IRS official apologizes for scrutiny of Tea Party
In a practice that drew complaints during the 2012 election campaign, groups with the words "Tea Party" or "patriots" in their names were flagged for closer IRS review when they applied to the agency for tax-exempt status.
"We would like to apologize for that," said Lois Lerner, director of the IRS tax-exempt office at an American Bar Association conference. She said the practice "was absolutely incorrect and it was inappropriate."
Lerner said screening of the conservative groups was "absolutely not" influenced by the Obama administration.
In what could be a major embarrassment for the IRS and a potential distraction for President Barack Obama, the matter is under investigation by the IRS inspector general.
"What we know of this is of concern and we certainly find the actions taken, as reported, to be inappropriate," White House spokesman Jay Carney said at a briefing.
"And we would fully expect the investigation to be thorough and for corrections to be made in a case like this," he said.
The admission by the IRS drew immediate responses from many Republicans and at least one powerful Democrat.
House of Representatives Republican Leader Eric Cantor vowed a House investigation would follow. Senate Republican Leader Mitch McConnell called for a White House review.
Representative Dave Camp, the Republican chairman of the tax-writing House Ways and Means Committee that oversees the IRS, said he will hold a hearing. "The IRS absolutely must be non-partisan in its enforcement of our tax laws," Camp said.
Democratic Senator Carl Levin, who chairs the Senate Permanent Subcommittee on Investigations, said his panel has been looking into the IRS's "failure" to enforce a law that requires tax-exempt 501(c)(4) groups be engaged exclusively in social welfare activities and not partisan politics.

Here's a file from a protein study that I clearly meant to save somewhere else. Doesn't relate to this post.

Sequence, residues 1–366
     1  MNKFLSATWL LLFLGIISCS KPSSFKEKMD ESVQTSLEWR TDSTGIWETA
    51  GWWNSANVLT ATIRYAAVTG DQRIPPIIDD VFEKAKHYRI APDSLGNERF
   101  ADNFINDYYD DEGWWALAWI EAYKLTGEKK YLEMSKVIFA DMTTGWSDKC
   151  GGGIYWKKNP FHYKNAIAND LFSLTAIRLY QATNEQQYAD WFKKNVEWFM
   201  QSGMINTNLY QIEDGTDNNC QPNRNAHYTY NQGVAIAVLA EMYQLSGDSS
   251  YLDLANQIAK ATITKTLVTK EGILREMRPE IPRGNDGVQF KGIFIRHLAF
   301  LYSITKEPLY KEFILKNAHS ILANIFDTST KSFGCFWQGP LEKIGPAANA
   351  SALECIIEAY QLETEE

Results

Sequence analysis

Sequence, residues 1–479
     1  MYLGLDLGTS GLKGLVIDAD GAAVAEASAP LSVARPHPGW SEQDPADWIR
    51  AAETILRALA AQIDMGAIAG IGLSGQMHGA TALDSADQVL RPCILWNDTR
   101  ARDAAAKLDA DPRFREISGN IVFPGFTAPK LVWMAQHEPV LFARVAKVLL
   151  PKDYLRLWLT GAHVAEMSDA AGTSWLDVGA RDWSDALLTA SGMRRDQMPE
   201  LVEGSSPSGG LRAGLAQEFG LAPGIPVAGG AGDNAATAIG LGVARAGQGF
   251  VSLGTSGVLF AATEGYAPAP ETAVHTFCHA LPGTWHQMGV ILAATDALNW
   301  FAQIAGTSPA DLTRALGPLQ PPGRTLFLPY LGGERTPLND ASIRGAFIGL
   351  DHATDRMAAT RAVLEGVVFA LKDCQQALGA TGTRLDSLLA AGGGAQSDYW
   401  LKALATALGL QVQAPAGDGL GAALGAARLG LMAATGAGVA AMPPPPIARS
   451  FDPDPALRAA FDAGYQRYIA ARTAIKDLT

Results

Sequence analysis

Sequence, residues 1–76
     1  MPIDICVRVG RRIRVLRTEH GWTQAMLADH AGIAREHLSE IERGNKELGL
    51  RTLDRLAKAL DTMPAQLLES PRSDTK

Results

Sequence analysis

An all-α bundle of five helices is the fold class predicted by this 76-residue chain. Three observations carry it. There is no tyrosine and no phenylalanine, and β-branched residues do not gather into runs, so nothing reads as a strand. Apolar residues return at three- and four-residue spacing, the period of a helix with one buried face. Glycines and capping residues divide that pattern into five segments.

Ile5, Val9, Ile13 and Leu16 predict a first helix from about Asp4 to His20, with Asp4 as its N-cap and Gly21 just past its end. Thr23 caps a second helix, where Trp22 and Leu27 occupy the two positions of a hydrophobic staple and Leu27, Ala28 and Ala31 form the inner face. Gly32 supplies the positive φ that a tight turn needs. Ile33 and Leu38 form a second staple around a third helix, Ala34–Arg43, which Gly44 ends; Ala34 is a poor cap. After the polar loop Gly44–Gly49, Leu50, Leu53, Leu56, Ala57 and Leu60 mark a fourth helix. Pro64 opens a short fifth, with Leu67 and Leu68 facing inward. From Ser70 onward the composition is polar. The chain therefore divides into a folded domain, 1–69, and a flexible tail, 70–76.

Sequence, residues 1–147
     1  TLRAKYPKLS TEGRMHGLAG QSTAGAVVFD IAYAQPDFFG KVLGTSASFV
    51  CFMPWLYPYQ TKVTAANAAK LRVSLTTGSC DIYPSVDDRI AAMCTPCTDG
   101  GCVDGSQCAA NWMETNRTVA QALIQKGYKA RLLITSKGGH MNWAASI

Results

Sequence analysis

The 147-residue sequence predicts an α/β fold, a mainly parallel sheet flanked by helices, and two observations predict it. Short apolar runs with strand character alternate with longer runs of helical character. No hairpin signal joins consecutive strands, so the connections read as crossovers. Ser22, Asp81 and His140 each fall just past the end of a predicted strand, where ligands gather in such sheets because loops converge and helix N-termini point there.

He said the latest development "raises a second issue: whether the IRS, to the extent it has enforced its rules, has been impartial in doing so. Both issues require investigation."
Tax-exempt applications for groups ranging from charities to labor unions are routinely reviewed by IRS civil servants.
Known as 501(c)(4) groups after the section of the tax code that makes them tax-exempt, such organizations can collect money from anonymous donors and spend it on advertising. To stay tax-exempt, they cannot endorse a candidate or a political party.
The number of groups seeking 501(c)(4) status jumped after the U.S. Supreme Court's 2010 "Citizens United" decision lifting government limits on corporate spending in federal elections.
Such contributions became controversial during the 2012 election season, as groups favoring both major parties financed ad campaigns to try to influence the race between Obama, a Democrat, and Republican challenger Mitt Romney.
Lerner said none of the groups subjected to extra scrutiny by the IRS has been rejected yet for tax-exempt status.
For that reason, a legal damages claim against the IRS by the conservative groups was unlikely, said Marcus Owens, a lawyer at the firm of Caplin & Drysdale.
A former IRS tax-exempt division director, Owens has since represented a range of nonprofit organizations. "It's hard to find the injury there," he said, adding that IRS scrutiny historically has focused on trying to determine if 501(c)(4) groups are politically active or not.
Judson Phillips, founder of Tea Party Nation, which claims 55,000 members nationwide, said in a telephone interview:
"I'm shocked they apologized ... Tea Party groups across the country have told stories about having unreasonable delays in getting their non-profit status from the IRS."
Lerner said targeting of conservative groups was done by revenue agents in Cincinnati "without talking to managers."
Cleta Mitchell, a lawyer at the firm of Foley & Lardner who represents conservative groups, said she was skeptical managers were not involved. In a letter to the IRS released to reporters, Mitchell demanded answers from the agency.
"The fact that nearly 100 citizens groups received identical, burdensome questionnaires from IRS offices across the nation demonstrates that this was not a few 'low level' employees responsible for the effort," Mitchell wrote.
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